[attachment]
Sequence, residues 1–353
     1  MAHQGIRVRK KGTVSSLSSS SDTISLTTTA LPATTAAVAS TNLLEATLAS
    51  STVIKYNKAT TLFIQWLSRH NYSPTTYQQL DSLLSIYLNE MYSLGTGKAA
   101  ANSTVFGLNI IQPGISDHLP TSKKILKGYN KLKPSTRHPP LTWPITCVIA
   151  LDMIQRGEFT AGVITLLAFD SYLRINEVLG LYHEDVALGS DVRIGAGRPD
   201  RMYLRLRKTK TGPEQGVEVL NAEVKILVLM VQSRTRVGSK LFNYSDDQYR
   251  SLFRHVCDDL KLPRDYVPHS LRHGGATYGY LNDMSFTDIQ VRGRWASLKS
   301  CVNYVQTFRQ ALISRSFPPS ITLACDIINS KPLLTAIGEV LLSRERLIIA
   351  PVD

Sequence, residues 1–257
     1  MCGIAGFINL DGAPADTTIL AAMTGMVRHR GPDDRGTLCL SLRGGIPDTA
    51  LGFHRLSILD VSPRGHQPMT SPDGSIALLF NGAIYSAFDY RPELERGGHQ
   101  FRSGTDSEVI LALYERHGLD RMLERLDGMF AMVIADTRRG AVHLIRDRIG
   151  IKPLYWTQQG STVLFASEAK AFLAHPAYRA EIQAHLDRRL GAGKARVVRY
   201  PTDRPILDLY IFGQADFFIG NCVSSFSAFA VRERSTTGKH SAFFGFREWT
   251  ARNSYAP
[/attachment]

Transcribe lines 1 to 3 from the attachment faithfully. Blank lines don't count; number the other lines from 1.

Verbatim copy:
Sequence, residues 1–353
     1  MAHQGIRVRK KGTVSSLSSS SDTISLTTTA LPATTAAVAS TNLLEATLAS
    51  STVIKYNKAT TLFIQWLSRH NYSPTTYQQL DSLLSIYLNE MYSLGTGKAA